GUT-PUNCH: Controversy frames heartbreaking loss to K-State

Nov 25, 2017; Manhattan, KS, USA; Iowa State Cyclones wide receiver Allen Lazard (5) makes a catch against Kansas State Wildcats defensive back Duke Shelley (8) during the third quarter of a game at Bill Snyder Family Stadium. The Wildcats won the game 20-19. Mandatory Credit: Scott Sewell-USA TODAY Sports 

MANHATTAN, Kan. — The fateful flag flew. The refs converged ominously. Uh-oh.

So what went through Iowa State star senior receiver Allen Lazard’s head as that pivotal call was made, then erased, late in Saturday’s tense, bizarre and controversial 20-19 loss Saturday at Kansas State?

“What goes through my mind is what’s going through their mind,” said Lazard, who was hit by a Wildcat defender before the ball reached him, but the full complement of officials decided it was not pass interference after all. “I look over at the refs and they’re looking up at the scoreboard, reviewing the play and what not, and I’m pretty sure they’re not supposed to do that, to have an outcome on their call. It is what it is. We can’t do anything about it now. We shouldn’t have gave the refs a chance to even make a call. I could have easily caught that pass, or could have had a better ball, or Hakeem (Butler) could have caught that ball on second down and kept the clock running. There’s a lot of things that could have happened but what happened, happened.”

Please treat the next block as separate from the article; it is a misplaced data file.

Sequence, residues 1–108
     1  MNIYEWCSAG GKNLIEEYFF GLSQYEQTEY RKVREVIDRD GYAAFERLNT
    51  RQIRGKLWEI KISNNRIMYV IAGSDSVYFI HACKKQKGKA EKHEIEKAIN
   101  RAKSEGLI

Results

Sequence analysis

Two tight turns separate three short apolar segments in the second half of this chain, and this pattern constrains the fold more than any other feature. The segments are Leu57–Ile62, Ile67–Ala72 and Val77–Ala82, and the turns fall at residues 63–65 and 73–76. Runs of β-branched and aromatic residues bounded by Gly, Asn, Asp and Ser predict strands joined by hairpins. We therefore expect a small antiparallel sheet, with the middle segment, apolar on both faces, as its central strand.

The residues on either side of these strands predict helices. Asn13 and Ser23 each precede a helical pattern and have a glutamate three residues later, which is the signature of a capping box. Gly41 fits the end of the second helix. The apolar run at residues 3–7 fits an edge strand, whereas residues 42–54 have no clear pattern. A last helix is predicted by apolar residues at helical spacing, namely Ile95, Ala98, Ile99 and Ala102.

That — in a handful of painful and rage-inspiring — words, perfectly sums up many of the recent iterations of the rivalry between the Cyclones and the Wildcats.

“It sucks,” ISU linebacker/quarterback Joel Lanning said. “I’ve never been down here and had a good experience, so it’s definitely a terrible way to end your senior regular season. You try to come out with a win here and set yourself up for better bowl game.”

ISU — despite losing banged-up star tailback David Montgomery early in the game — led 19-7, then 19-14, after driving for Kyle Kempt-to-Marchie Murdock and Butler touchdowns in its first two second-half drives.

Then a crazy game turned maddening. On the K-State drive that made the score 19-14 with 7:28 left, a flag was picked up for offensive pass interference that would have negated a big play.

On the Cyclones’ final drive of the game, two flags were picked up — one for a late hit on a sliding Kempt, and the final one that came as Lazard tried to complete a catch at the K-State 34 that would have given ISU a first down with two minutes left.

The Wildcats retained just two timeouts, so it’s likely the Cyclones (7-5, 5-4) would have been able to run out the clock.

Until the flag was picked up like it never happened.

Hard to stomach. Another gut punch. Again, against K-State (7-5, 5-4), which now owns a 10-game win streak in the series.

“I was happy to be back today,” said Kempt, who returned to the starting lineup after missing two games with shoulder issues. “My heart just hurts for this whole team. That’s a tough loss. We’ve dealt with a couple of those this season, but I think my takeaway is going to be, as a senior class we’ve really changed this culture. And it goes to show for those young guys that those little details are going to be the difference between us being 7-5 or 10-2 or something like that.”